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To the editor:

The 1989 tax form contains a new line titled, "Voluntary contributions to assist the homeless." I hope Utahns will consider giving to this worthy cause.Have you seen homelessness? Suffering is an experience common to all of humanity, but there are depths of sorrow, hopelessness, and despair that we ourselves may seldom experience and yet, if we but look, seems to surround us.

Thinking back on last winter, I remember some of those homeless people I briefly saw or talked with in Salt Lake City.

One of my visits was to a food kitchen; just leaving was a young family. The mother looked tired, her eyes dulled, her soul heavy; the father's shoulders seemed laden with a heavy burden as he so gently and tenderly directed his small children out into the cold. I sat, and watched, as they silently left the shelter.

I also visited a school for the homeless; Utah is the only state with such a "school." The children are young. When I asked the children what they would wish for - it was a home. They were like my own children, but with sadder eyes, more tired, with less of that hope and exuberance of youth.

Later, in the shopping mall, surrounded by spending and getting, I talked with an attractive young woman who had not eaten for some time; she was still too fearful to go to the shelters, not as innocent as the child. But she too had hopes, dreams, fears - fears all too real.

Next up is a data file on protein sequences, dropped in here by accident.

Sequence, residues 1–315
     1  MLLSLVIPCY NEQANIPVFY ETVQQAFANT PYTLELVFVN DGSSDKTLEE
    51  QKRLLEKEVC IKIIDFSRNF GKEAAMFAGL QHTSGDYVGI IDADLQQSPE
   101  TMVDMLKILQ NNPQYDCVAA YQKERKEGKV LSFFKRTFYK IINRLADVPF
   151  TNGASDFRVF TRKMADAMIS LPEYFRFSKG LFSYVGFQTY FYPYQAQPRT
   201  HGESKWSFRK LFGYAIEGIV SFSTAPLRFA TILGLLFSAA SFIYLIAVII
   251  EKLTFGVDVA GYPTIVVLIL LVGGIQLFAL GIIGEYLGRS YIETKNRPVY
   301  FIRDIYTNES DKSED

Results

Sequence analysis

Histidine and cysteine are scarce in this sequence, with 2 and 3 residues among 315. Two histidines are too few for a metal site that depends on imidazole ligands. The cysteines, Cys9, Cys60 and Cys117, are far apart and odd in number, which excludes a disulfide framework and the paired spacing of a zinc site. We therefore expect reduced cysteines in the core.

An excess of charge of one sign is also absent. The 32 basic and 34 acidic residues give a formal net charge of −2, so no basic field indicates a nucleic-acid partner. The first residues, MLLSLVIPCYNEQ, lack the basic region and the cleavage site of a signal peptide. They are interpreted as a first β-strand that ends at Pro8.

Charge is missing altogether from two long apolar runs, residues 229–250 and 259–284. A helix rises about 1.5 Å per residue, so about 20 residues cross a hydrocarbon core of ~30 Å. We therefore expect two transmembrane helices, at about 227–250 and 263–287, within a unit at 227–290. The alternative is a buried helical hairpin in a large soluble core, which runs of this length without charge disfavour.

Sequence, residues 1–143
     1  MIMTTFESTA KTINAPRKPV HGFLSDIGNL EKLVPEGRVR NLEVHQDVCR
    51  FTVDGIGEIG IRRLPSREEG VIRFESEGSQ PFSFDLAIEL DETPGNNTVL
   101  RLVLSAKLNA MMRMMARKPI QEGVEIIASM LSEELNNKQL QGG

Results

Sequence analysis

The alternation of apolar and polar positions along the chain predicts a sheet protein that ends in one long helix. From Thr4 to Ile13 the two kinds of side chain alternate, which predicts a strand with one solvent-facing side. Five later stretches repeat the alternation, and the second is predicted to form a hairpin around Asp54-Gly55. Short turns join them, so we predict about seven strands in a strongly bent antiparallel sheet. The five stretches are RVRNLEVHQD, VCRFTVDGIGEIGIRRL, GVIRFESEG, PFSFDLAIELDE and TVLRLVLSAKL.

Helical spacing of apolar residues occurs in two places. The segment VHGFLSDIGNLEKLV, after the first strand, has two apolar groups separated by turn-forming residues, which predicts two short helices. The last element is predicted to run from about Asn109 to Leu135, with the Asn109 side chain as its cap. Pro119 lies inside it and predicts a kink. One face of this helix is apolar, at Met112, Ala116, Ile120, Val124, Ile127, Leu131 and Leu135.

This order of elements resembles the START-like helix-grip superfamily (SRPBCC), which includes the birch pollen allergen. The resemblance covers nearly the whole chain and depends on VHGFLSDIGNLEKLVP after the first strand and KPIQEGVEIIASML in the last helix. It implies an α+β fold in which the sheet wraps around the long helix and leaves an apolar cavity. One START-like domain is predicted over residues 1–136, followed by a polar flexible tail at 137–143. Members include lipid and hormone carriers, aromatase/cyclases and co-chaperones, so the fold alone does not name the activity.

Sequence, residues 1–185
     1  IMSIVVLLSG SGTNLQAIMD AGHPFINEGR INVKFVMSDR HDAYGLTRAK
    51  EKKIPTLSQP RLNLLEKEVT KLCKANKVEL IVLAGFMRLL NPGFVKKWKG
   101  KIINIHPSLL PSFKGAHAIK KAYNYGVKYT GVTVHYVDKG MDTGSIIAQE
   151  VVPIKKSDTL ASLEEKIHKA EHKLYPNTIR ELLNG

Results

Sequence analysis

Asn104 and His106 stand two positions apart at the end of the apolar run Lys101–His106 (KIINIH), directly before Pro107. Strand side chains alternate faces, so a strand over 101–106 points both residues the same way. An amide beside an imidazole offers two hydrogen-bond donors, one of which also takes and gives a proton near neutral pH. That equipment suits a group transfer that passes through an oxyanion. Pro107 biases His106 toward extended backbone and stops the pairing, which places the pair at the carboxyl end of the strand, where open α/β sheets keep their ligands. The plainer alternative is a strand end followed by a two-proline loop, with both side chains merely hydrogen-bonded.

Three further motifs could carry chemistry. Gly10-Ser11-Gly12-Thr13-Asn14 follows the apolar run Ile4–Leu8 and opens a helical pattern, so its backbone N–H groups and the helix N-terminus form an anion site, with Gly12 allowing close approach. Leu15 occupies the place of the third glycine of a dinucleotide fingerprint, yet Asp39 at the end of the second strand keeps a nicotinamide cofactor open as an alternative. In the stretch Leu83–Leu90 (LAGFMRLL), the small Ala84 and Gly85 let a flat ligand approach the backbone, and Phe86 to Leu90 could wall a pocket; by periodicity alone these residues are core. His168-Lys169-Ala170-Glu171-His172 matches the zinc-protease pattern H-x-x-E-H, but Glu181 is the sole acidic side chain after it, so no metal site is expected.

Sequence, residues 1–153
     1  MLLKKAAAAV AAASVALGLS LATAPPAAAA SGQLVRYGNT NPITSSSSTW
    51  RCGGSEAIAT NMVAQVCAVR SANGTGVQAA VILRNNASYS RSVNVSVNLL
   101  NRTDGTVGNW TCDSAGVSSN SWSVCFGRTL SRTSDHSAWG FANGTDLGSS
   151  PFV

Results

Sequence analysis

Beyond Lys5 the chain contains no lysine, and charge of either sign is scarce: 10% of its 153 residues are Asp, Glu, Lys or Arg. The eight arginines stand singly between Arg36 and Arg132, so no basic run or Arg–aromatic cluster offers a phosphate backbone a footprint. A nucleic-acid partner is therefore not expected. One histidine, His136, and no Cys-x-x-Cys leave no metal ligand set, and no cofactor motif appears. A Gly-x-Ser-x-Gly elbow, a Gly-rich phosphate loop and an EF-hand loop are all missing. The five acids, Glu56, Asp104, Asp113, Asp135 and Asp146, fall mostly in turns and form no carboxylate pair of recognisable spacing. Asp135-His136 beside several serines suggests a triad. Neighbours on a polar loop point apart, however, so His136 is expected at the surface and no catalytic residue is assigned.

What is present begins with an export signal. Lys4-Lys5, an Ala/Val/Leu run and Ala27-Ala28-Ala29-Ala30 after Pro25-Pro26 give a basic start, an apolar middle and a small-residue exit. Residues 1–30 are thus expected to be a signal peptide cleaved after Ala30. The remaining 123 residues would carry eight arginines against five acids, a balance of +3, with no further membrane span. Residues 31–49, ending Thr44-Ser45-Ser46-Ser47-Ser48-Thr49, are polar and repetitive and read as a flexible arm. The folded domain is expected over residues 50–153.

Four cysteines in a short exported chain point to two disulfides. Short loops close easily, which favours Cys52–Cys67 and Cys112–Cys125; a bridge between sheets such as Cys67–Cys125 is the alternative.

There were other homeless people, not all gentle. Their souls reflecting too much the darkness of their experience. Misery has many faces.

Christ appealed to us to feed the hungry, clothe the naked, and bring the poor who are cast out into our homes; who more personify this need than the homeless men, women and children we may or may not see around us.

I hope this year when people come to this new line on their Utah income tax form, they will give generously.

Donations go into a special trust account, specifically aimed at programs for the homeless who are mentally ill and the homeless who are families with children; for self-sufficiency and shelter; and with administrative costs limited to 3 percent.

Give generously; it will mean hope, comfort, and a chance at a respectable life for real people in need.

Rep. Frank Prante